All insurance entrepreneurs face challenges, but for black people who want to start their own businesses, they confront some extra barriers. They’re not insurmountable, but they can make entrepreneurship a lot more daunting path.
First, around 40% of black people in the UK live in social housing and black household savings in the UK, are on average 20p in the pound vs white households. That means that whilst there are some exceptions across the diaspora, most black families are unable to provide a financial safety net to sons and daughters wanting to take business risks.
The commercial safety net has big holes, too. When potential investors ask ‘have you done it before’, we usually have to answer ‘no’. That’s because as just a quick glance at the industry press will show, the same people ride an entrepreneurial conveyor belt (start a business, move on, start another), but very few black people are on it, so it’s harder for us to start, let alone restart.
Without family finance or enough leaders of sufficient influence to soften the landing if we fail, we have to take a huge leap of faith to get started. Plus, culturally it seems fair to suggest that our relationship to failure is different. In the white world, it’s just part of the learning curve. With the added challenge of building a career whilst helping our families to rise socio-economically, there are often more people relying on us from the outset, and therefore we often cannot take the risk of a second disappointment.
Second, unwritten restrictions prevent us from running core, age-old industries, including insurance. The market is no longer an exclusive ‘old boys club’ (although some of that remains), but budgets are tighter and strategic objectives are narrower. That makes job candidates with the gentlest social learning curve or the shortest distance to revenue more attractive, which combined with unconscious biases can make it harder for black people to move to the very top. Since the C-Suite is the best place to spin out a new business, the glass ceiling can be a real entrepreneurial barrier.
Third, we’re often stuck because we lack confidence. If we do sit in the middle management of a Clifford Chance, an EY, a Marsh, Zurich, or another insurance-market leader, our ability will be clear to the senior leaders and even to potential investors, but sadly not necessarily to ourselves. Lower collective confidence is the principal problem we face as black entrepreneurs. It is much harder to be what you can’t see. Therefore with so many of us trying so hard to prove to our families, our neighbourhoods, our peers – even society as a whole, that we can get to the top of established organisations. Starting our own ventures and nurturing them until they can compete with the big names seems like too much of a leap.
On the positive side, we’ve begun to gain some advantages. For one, society is waking up to the power of the black pound. We have seen it in Michael Jordan’s 20 years of success, and in many other areas of popular culture. It might not always feel true, but our diaspora is now seen as a valuable, untapped resource. A positive step post George Floyd is that most companies have put black talent in their growth plans: for big business, black is an opportunity.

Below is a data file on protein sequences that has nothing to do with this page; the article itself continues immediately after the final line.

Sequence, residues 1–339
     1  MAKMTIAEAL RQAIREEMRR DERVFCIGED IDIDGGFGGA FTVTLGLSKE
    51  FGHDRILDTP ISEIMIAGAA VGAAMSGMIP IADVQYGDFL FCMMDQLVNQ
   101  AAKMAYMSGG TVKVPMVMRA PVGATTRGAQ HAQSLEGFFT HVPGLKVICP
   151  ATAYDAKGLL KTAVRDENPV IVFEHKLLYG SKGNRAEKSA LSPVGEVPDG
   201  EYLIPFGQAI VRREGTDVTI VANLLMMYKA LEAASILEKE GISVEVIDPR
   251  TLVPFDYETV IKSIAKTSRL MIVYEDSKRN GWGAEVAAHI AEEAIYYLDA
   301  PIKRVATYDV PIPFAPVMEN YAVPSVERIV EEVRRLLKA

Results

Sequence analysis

Meanwhile society as a whole is experiencing a fascinating democratisation of the road to success, as the internet shortens the route to customers. For example, it’s possible to launch a social media business or monetise a community of followers on Tik Tok or Instagram, LinkedIn or Facebook. And we have some advantages to exploit in those in virtual spaces: because as a diaspora we are driving
the world’s creative culture in sport, fashion, and music. Insurance distribution is yet to penetrate these tools and we can lead the charge.
We simply must break the established moulds and I have three suggestions to help us to gain an entrepreneurial foothold and build scale over time.
1. Partnerships and networks are critical in the globalised world, you don’t have to do it on your own. Use the ACIN to reach out to people like me, RATL, colleagues around the world, who already hold senior positions and let’s work together. Black ownership must be the new destination for black excellence, so we will be generous with our time, connections and resources, using them to help you build organisations from the ground up. We recognise the issues and want to help you succeed.
2. Understand where the work really is. Our parents taught us to work twice as hard and we’d be halfway to success. Commercial intelligence is a big part of the other half. Identify the decisionmakers in your firms, the individuals who really drive the opportunities, then get close to them. It’s about working smarter, as well as harder whilst maintaining the goal of leading independently in the future.
3. Finally, black people in our industry need to be way more ambitious. We need to think lightyears ahead. I know we may have generational or societal norms and glass ceilings that may hold us back right now, but the time has never been better to strike out. I aspire to a time when plenty of black kids will come out of school thinking that rather than just joining the conveyor belt to the glass ceiling. They will be leading their own business by the time they are 25 and, whilst it’s not for going to be a route for everyone, I believe that if in the next few years we can replace a workers mentality with a founders mentality, the impact will be seismic!
By Leon Walker, Senior Director at AdvantageGo